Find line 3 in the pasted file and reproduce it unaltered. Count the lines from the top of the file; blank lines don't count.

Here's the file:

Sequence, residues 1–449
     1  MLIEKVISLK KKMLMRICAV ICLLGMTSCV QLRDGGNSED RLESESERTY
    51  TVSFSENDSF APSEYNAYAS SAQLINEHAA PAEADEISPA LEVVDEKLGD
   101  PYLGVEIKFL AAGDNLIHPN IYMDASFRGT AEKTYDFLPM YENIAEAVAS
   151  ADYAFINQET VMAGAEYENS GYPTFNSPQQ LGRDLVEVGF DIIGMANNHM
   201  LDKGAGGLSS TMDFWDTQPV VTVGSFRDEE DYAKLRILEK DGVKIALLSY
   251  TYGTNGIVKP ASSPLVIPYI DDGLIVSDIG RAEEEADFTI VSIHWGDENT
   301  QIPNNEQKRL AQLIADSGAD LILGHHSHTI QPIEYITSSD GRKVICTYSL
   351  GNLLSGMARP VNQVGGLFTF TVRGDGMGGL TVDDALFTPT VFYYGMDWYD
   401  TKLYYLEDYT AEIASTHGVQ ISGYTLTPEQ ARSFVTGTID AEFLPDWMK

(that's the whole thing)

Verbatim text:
    51  TVSFSENDSF APSEYNAYAS SAQLINEHAA PAEADEISPA LEVVDEKLGD